IN MY SLEEP:
(Sleep)Walking in L.A.
Talk about a “wet dream”! In the opening scene of Allen Wolf’s “In My Sleep”, hunky L.A. massage therapist Marcus (Philip Winchester) wakes up covered in dried blood with a guilty-looking knife by his side. He is completely unaware of what happened. Apparently, 40 days earlier, Marcus had woken up in the middle of the woods, in only his boxer briefs. He not only doesn’t know how he ended up there, but is also faced with the humiliation of having to walk home nearly naked. We learn that Marcus has a long history of “parasomnia”, a rare but fascinating condition which, according to his doctor, can cause a person to do “just about anything while sleepwalking”. For Marcus, this “anything” soon includes having sex with his best friend’s wife (Kelly Overton)… and not remembering it. Plagued with guilt, the ladies’ man suspects he may be a sexual addict (How timely!). He joins a support group and also tries out some stronger sleeping pills. But no 12-step meeting or drug can help when one of Marcus’ sexual conquests turns up murdered… and this ladykiller is seriously looking like… a lady killer. Did Marcus murder this woman while sleepwalking? Even he doesn’t know. Plagued with the stabbing question of “Did I or didn’t I?”, the often shirtless somnambulist tries to solve the mystery himself. He sets up a video camera (a la “Paranormal Activity”) to record his nighttime activity. He recruits his way-too-perky neighbor and former fling (Lacy Chabert) to handcuff him to his bed at night. He visits his cold, estranged mother (Beth Grant), trying to find some clues stemming from his childhood. Marcus even allows a fellow 12-stepper (Abigail Spencer), an attractive female doctor and potential love interest, to test a sample of the blood from those telltale sheets. As “In My Sleep” progresses, the goings-on grow increasingly strange-- with more twists and revelations than half a season of “Law and Order” (albeit with much more attractive scenery than that TV show…).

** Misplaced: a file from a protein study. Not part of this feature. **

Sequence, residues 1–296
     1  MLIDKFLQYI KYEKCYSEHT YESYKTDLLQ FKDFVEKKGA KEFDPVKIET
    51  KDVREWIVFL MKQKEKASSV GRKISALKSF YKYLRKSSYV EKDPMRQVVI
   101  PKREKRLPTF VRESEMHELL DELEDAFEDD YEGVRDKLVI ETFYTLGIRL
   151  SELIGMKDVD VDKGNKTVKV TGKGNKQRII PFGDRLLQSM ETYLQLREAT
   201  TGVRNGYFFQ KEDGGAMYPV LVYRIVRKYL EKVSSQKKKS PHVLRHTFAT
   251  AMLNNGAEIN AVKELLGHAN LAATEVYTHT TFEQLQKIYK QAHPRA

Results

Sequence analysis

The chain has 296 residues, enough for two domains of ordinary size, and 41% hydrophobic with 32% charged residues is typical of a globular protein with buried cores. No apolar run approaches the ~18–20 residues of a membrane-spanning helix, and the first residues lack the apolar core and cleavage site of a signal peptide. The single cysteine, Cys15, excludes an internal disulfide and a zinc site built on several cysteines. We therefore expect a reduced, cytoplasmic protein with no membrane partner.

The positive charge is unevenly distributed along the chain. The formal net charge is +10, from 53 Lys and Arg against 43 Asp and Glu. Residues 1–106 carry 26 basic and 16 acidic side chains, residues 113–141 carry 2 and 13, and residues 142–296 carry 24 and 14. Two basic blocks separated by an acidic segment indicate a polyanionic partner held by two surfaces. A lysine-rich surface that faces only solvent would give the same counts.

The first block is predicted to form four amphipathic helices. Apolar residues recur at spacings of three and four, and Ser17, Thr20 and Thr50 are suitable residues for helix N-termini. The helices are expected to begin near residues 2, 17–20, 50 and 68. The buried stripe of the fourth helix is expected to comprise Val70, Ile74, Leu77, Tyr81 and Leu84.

“In My Sleep” manages to blend comedy and thriller quite well. In one laugh-out-loud scene, Marcus’ best friend Justin (Tim Draxl) plans a surprise party for him, and he mistakes Marcus’ “little black book” for his address book when planning the guest list. The result is an almost all-female party made up mostly of Marcus’ sexual conquests. In contrast, there’s the scene where two policemen pay Marcus a post-murder visit… and the on-screen tension is so palpable that it’s guaranteed to keep the theater in an edgy silence. Some of the plot twists of “In My Sleep” require a good deal of “suspension of disbelief” on the part of the viewer; unfortunately, it occasionally asks a bit more than we can give-- especially the scene when the identity of the killer is finally revealed. In addition, some of the directorial touches drift into horror movie cliché and may inspire more giggles than gasps from the audience. Any glitches of “In My Sleep” are made up for in a big way by the performance of the intensely charismatic Philip Winchester, as the intensely charismatic Marcus. Even with the character’s sexual restlessness (When his friend asks him, “What happened to that girl you were with? She was cute.”, Marcus retorts, “We’re in L.A. They’re all cute!”) and his possible “dark side”, the women in the movie can’t help but be charmed. Audiences watching Winchester will likely undergo the same feeling.
“In My Sleep” opens April 23 in L.A. and April 30 in New York City. Visit www.InMySleep.com for more.